From breakthroughs and new innovations to established technologies, these are the inventions, gadgets, and trends that shaped the last decade.
It’s been a busy decade in the tech space. New innovations emerged and older ones finally matured in ways that have had a major impact. The 2010s brought us the rise of 3D printing, the rebirth of VR, and an explosion in AI technologies. The health industry was all about wearables. And a digital currency gold rush made us rethink encryption.
As we prepare to enter the 2020s, let’s take a look back at how far we’ve come.
Here are the 15 technologies, gadgets, and trends that had the biggest impact on the industry, and our lives, in the last decade.
A technology first developed in the 60s has become as common a phrase in manufacturing as injection molding or CNC machining. 3D printing has grown from a novel way to create tchotchkes and plastic parts into a serious technology with applications ranging from automotive and aerospace to even medical. 3D printing has become a serious option for prototyping and small-scale production. And rise of new materials and even metal 3D printing has expanded its applications. We may only be a generation or two away from seeing patients with 3D-printed organs in their bodies.
(Image source: Airwolf 3D)
You couldn’t open a newspaper in the 2010s without some sort of AI-related headlines. Whether it was IBM Watson winning at Jeopardy, fears of robots taking jobs, or the rise of autonomous vehicles, the last 10 years have put AI on everyone’s mind like never before. AI has potential to transform nearly every industry on the planet and already has in many cases. And the growing ethical and moral concerns around the technology only further demonstrate that it’s here to stay.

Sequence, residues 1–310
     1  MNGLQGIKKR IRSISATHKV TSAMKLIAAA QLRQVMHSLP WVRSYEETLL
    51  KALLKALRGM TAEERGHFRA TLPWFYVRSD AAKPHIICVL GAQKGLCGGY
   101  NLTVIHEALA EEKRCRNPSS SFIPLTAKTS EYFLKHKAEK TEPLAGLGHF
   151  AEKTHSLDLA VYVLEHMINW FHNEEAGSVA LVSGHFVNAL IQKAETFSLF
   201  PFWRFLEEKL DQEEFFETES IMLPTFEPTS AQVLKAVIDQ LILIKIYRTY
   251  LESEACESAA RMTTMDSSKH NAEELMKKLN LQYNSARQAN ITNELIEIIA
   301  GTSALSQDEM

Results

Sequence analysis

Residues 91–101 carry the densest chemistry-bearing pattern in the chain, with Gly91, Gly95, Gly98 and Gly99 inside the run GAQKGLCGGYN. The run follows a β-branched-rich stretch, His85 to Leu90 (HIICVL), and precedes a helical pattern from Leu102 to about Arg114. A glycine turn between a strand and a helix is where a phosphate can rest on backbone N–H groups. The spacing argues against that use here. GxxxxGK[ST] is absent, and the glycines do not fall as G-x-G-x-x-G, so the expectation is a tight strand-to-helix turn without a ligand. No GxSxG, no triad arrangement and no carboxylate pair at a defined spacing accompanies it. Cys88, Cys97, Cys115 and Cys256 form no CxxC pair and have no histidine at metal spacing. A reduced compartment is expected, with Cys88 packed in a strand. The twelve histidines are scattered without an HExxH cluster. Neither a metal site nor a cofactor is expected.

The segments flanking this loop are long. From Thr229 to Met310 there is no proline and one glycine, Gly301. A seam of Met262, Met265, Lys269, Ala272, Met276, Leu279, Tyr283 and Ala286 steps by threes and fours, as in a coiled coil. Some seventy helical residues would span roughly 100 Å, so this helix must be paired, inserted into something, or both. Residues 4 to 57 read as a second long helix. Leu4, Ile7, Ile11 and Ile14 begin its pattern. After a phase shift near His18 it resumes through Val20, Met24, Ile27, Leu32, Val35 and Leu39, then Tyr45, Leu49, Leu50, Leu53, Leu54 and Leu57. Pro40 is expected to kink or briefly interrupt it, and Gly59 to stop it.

Bitcoin went from the currency of choice for Internet drug dealers to sparking a full on gold rush as investors looked to cash in on Bitcoin’s skyrocketing value. But the best thing Bitcoin did this decade was bring new attention to the technology underneath it – blockchain. Increased interest in blockchain has found the technology finding implementations in cybersecurity, manufacturing, fintech, and even video games. Blockchain made us rethink security, automation, and accountability and is going to be a key component in the ever-expanding Internet of Things going forward.
(Image source: Pixabay)
Robots have worked alongside humans for a long time, but never like they have in recent years. The rise of collaborative robots (cobots) brought machines into factories that can work right next to human workers without the need for safety cages. The now defunct Rethink Robotics created arguably the most memorable cobot with Baxter (shown), but several major robotics companies including Boston Dynamics, Fanuc, and Universal Robots have all gotten into the game.
Cobots also sparked a lot of debate as to their impact on jobs and the economy. But concerns haven’t slowed their growth. You’d be hard pressed to find an industrial robotics company today without at least one cobot offering in its portfolio.
(Image source: Rethink Robotics)